One of America's most vigorous real estate booms is underway here on this 32-mile-square speck in the Caribbean.

Two hours by jet from Miami and less than four hours from Washington, St. Thomas is being hit with enormous waves from the mainland of tourists, condominium development and commercial investment.

Egaer visitors are signing contracts for vacation condominum units six months before the foundations are dug, at prices that often range above $100,000 for two- and three-bedroom apartments, and developers are responding with newer and more elaborate projects.

Hotels that had trouble filling rooms in the mid-1970s are now overbooked -- at $80 to $100 or more a day -- and are building condominiums astride their properties for future sale.

The downtown harbor district of the territorial capital city, Charlotte Amalie, which went limp during the 1975 and 1976 recession years, has bounced back with a vengeance. Traffic jams and overdoses of cruise ship tourists are the main problems now, rather than low sales in the duty-free shops.

Two years from now, when the Harry S Truman Airport at the western end of town is lengthened to 7,000 feet to accommodate jets larger than 727s, the flow of people and money into this mountainous, tropical community is expected to accelerate further. As it is, nearly 1 million travelers arrived on this island of 50,000 by cruise ship, amphibious plane and jet last year.

St. Thomas is so upbeat in real estate terms that the Virgin Islands government is worried about the island's long-term "carrying capacity" and the need to control growth with federally funded techniques of coastal zone management.

The government also worries about the growing gap between the wealth of visitors and natives and the contrast between development here and on St. Croix, 40 miles to the south. St. Croix is more than twice the size of St. Thomas and has industrial development in the from of a huge Hess oil refinery, a Martin Marietta plant and other major firms, but is experiencing nothing like the building boom underway underway on St. Thomas. St. Croix is flat, poorer and was the scene of racial violence in the first half of the decade. Like St. Thomas, it also has a low-income emigrant population from other Caribbean islands.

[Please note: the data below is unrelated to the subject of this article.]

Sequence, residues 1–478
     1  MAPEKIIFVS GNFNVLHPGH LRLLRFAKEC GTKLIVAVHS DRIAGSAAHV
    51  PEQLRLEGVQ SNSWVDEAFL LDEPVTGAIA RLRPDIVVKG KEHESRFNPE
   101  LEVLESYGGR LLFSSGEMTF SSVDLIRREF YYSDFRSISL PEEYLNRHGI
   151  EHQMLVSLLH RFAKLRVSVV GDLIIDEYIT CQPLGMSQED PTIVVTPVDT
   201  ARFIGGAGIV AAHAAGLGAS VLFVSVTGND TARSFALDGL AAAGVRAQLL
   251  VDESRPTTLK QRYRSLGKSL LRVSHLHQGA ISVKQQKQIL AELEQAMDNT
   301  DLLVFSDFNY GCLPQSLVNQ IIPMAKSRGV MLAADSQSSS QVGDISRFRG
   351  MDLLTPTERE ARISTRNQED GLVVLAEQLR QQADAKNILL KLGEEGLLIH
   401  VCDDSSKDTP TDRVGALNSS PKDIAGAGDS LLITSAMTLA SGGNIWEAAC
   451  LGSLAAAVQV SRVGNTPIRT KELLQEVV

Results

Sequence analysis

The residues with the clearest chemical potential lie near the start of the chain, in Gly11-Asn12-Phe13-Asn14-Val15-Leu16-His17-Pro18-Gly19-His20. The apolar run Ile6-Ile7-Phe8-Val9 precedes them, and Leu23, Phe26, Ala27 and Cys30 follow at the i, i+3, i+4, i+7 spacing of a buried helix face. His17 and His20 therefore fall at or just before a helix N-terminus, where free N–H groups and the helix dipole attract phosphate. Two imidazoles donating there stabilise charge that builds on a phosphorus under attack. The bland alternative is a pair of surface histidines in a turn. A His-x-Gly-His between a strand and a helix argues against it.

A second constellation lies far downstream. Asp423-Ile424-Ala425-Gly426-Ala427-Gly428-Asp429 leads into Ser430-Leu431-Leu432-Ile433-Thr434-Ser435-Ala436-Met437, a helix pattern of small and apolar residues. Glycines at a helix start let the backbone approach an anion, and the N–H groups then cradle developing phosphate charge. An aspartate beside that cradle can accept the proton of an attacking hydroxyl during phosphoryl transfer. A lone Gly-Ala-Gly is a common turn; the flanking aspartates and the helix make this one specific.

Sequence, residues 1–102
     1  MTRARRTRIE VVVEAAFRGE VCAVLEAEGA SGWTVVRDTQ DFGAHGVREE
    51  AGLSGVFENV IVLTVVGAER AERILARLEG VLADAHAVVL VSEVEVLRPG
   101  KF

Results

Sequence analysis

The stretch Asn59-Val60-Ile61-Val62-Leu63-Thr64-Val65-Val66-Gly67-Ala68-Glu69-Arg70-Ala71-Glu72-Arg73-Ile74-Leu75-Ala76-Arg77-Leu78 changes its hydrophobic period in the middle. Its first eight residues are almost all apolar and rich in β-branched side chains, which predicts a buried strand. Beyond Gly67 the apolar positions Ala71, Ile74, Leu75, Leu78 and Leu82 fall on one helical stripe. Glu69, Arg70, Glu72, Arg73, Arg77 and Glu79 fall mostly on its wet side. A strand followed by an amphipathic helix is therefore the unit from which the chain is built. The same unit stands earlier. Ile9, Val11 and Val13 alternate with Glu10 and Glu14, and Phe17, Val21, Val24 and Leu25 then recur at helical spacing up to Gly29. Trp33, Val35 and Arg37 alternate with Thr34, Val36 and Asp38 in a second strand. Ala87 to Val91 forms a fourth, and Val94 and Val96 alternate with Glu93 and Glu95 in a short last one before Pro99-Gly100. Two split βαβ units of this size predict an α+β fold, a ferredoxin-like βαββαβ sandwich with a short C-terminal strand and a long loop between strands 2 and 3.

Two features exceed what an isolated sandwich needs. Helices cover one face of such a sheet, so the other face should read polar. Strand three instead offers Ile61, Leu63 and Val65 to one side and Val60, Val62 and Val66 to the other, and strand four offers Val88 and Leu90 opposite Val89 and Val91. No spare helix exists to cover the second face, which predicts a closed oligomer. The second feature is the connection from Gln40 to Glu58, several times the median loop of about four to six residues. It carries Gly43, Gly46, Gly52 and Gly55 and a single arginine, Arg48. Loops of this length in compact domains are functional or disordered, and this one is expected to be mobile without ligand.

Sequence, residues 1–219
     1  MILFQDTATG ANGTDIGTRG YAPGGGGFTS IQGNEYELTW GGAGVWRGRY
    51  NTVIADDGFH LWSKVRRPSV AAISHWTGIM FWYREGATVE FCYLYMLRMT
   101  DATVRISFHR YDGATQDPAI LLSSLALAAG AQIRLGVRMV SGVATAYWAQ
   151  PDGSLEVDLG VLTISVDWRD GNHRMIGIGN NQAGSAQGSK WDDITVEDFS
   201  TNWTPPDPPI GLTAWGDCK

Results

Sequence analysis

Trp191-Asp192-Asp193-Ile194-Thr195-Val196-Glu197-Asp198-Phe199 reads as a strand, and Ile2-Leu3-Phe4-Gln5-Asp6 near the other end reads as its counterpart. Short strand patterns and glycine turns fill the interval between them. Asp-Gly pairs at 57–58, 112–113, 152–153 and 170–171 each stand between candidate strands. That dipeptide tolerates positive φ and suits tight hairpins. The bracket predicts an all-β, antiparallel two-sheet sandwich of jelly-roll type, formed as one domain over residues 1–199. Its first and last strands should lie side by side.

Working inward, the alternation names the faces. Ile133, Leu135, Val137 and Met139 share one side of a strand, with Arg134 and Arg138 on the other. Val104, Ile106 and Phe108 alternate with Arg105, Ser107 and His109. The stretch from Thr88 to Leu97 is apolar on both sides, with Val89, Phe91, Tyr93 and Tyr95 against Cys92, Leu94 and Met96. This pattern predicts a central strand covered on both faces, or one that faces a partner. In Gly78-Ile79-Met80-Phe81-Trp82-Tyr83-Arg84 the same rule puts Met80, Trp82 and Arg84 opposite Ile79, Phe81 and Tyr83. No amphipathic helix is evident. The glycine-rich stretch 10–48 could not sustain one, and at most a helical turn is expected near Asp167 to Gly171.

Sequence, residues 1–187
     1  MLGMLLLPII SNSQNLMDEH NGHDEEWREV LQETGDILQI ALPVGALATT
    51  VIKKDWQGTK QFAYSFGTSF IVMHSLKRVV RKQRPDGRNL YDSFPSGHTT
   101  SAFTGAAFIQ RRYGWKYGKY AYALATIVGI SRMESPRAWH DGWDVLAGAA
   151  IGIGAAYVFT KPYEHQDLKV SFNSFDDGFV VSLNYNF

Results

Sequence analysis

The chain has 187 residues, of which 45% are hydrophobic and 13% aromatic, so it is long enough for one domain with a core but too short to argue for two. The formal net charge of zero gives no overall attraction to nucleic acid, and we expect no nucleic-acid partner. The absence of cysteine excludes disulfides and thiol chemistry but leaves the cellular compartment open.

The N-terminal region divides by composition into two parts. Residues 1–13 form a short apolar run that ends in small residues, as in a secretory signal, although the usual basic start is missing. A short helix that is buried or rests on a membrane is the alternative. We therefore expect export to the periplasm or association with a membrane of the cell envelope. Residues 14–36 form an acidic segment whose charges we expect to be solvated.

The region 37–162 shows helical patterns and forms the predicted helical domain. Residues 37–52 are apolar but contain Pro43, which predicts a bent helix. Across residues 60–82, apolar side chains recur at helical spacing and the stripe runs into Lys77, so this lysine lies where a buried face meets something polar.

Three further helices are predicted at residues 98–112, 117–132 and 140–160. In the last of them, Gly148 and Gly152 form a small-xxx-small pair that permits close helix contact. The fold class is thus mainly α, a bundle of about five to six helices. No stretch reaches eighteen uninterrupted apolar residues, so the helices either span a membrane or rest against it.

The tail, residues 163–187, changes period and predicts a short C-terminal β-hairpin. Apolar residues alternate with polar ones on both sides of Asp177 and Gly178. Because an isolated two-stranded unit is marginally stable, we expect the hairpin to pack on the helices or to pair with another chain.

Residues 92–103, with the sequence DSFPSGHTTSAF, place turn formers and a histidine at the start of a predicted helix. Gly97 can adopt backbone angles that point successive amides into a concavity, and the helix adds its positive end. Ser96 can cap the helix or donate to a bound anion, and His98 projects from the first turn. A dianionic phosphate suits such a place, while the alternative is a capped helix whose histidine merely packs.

St. John, the third principal member of the Virgin Islands group that the U.S. acquired from Denmark in 1917, is dominated by national parklands and has a handful of resorts and a sleepy harbor village. It shares in the prosperity of its near neighbor, St. Thomas, but studiously avoids the bustle and glitter.

"The problems we've got mainly have to do with balance," says Judith Weiss, a transplanted Arlington resident who is now a senior policy analyst for the Virgin Islands Commerce Department. "We need growth and investment, more housing and real estate development, but we don't want to turn St. Thomas into another Honolulu, or neglect the potential of St. Croix.

"And we don't want to lose the essential character of the islands," through high-rise construction or excessive building on fragile beach areas, she said. With as many as 2,000 additional condominium units on the drawing boards or going into the ground on St. Thomas alone, Weiss warned, "there's a real danger that growth could get out of hand."

Another transplanted Washingtonian, Samuel Schattner, Former owner of the Watergate restaurant and currently the developer of the Watergate Villas condominium project several miles outside of Charlotte Amalie, a grees with Weiss. Schattner, who first began building his units on a 16-acre, rocky bluff overlooking Bolongo Bay in 1971, says St. Thomas is at the same point that Florida was several decades ago.

"There's still an incredible amount of development to come," he said, "but we've got to take great care that we don't go too fast, or harm the environment that attracted us here in the first place."

As it is, development on the island is an engineering and ecologial challenge because of the steep terrain, chronic water shortage and few indigenous building materials -- including sand.

"You've got to think about real estate in very different terms when you're on an island in the middle of the Caribbean," Schattner said. "You've got to think about whether you're going to have electricity or drinking water, or an adequate field for a septic system -- things you tend to worry about a lot less on the mainland."

Schattner's low-rise development, which currently has 170 units and will grow to wupwards of 240 in coming years, is an attempt to congorm to the natural outlines of the terrain. About two miles away, however, a multi-story Holiday Inn rises up at Frenchman's Reef, a cliff at the entrance to St. Thomas harbor.

It looks every bit like the Miami-style development that Weiss, Schattner and other islanders want to avoid.